Venzee launches the first middleware to optimize blockchain-bound data
Called Mesh, it washes, dries and shines data until it’s ready to be written without the possibility of change or deletion.
Since 2014, Venzee has made its living as a data transformation platform between manufacturers, vendors and e-commerce retailers.
That is, it helps prep and clean data so it can be used by those various players in the retail ecosystem for product information management, inventory management, time sheets, invoices and the like.
Today, the Vancouver-based firm is moving into the blockchain ecosystem with the launch of a closed beta of what it says is the first middleware — an API framework called Mesh — that is designed to provide a similar kind of data transformation, but optimized for blockchains. The full release version will be available in the first half of next year.
“Since [blockchain is] a decentralized database of immutable records,” CEO Kate Hiscox said in a statement accompanying the announcement, “there are serious concerns about accidentally [using] wrong or sensitive information.”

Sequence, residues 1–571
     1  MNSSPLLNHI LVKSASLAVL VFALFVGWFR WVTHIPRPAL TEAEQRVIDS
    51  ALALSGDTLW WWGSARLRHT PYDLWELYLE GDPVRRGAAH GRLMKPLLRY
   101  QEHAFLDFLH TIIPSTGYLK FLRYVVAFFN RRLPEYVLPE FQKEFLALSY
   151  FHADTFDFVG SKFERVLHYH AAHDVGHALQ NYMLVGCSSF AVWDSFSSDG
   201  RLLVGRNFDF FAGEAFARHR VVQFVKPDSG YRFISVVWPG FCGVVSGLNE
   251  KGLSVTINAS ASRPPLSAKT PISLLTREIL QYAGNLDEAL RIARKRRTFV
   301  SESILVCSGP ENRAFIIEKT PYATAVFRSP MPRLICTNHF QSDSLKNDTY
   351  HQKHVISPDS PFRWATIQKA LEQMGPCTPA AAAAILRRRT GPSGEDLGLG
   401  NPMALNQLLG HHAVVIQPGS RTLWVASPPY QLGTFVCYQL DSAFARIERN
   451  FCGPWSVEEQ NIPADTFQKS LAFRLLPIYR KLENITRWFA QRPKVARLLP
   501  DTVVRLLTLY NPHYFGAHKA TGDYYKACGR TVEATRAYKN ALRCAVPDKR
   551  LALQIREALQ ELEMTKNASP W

“Blockchain doesn’t magically fix data standards,” she pointed out.
Mesh has layers to import data, merge it, filter it, clean it and validate it before it is made compatible for a specific purpose, such as data for a smart contract on a blockchain.
Several of Mesh’s features are specifically optimized for blockchain: a final, custom fail-safe check before data is delivered; the ability to export executable code, such as for smart contracts; and smart contract templates.
Hiscox said that, except for Mesh, companies would have to employ a developer to write transformation software to prepare data for blockchains.
While Venzee has previously focused on the e-commerce retail ecosystem, Mesh can be used by any of the industries, such as healthcare or financial, that are currently exploring blockchain. Mesh is supporting the Ethereum blockchain plus some private blockchains, but other kinds will be added.
Venzee is the latest firm to advance the support system for blockchain. Last week, for example, San Francisco-based Mobius Network announced a universal API to connect any application, website, device or data source to a blockchain, as well as an app store that lets any resident app accept Mobius’s blockchain-based tokens.
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